It is also given in small amounts before and/or after some forms of dental surgery, such as the extraction of the wisdom teeth, an operation which often leaves the patient with puffy, swollen cheeks.
It is present in certain eye drops – particularly after eye surgery– and as a nasal spray (trade name Dexacort), and certain ear drops (Sofradex, when combined with an antibiotic and an antifungal).
Dexamethasone is used in transvenous screw-in cardiac pacing leads to minimize the inflammatory response of the myocardium. The steroid is released into the myocardium as soon as the screw is extended and can play a significant role in minimizing the acute pacing threshold due to the reduction of inflammatory response. The typical quantity present in a lead tip is less than 1.0 mg.
Dexamethasone is often administered before antibiotics in cases of bacterial meningitis. It then acts to reduce the inflammatory response of the body to the bacteria killed by the antibiotics (bacterial death releases proinflammatory mediators that can cause a response which is harmful to the patient), thus improving prognosis and outcome.
In brain tumors (primary or metastatic), dexamethasone is used to counteract the development of edema, which could eventually compress other brain structures. It is also given in cord compression, where a tumor is compressing the spinal cord.
Dexamethasone may be given to women at risk of delivering prematurely to promote maturation of the fetus' lungs. This has been associated with low birth weight, although not with increased rates of neonatal death.
High altitude illnesses
Dexamethasone is used in the treatment of high altitude cerebral edema, as well as pulmonary edema. It is commonly carried on mountain climbing expeditions to help climbers deal with altitude sickness.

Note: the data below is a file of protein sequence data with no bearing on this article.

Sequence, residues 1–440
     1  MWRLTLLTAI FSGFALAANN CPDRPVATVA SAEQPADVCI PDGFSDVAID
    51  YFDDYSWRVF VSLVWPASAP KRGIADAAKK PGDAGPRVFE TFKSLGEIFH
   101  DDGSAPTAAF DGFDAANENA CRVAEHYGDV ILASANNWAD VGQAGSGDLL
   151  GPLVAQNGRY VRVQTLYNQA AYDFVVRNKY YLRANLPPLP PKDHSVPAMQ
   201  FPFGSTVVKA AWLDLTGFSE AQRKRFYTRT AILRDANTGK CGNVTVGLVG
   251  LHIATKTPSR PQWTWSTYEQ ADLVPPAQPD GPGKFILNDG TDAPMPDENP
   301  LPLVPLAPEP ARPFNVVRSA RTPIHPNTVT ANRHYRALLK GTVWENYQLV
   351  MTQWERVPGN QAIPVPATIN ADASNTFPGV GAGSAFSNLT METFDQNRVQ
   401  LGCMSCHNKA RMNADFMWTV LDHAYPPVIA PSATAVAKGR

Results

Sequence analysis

A small clinical trial found long-term effects on verbal working memory among the small group of children treated prenatally, but the small number of test subjects means the study cannot be considered definitive. Administration of prenatal dexamethasone has been the subject of controversy over issues of informed consent and because treatment must predate a clinical diagnosis of CAH in the female fetus.
A study utilizing Freedom of Information Act findings to "detail an extremely troubling off-label medical intervention employed in the U.S. on pregnant women to intentionally engineer the development of their fetuses for sex normalization purposes." Glucocorticoids may alter “fetal programming,” potentially resulting in serious metabolic problems that will not become apparent until adulthood.
Research has demonstrated that dexamethasone and ondansetron is more effective than ondansetron alone in preventing postoperative nausea and vomiting.
The exact incidence of the adverse effects of dexamethasone are not available and hence estimates have been made as to the incidence of the adverse effects below based on the adverse effects of related corticosteroids and on available documentation on dexamethasone.
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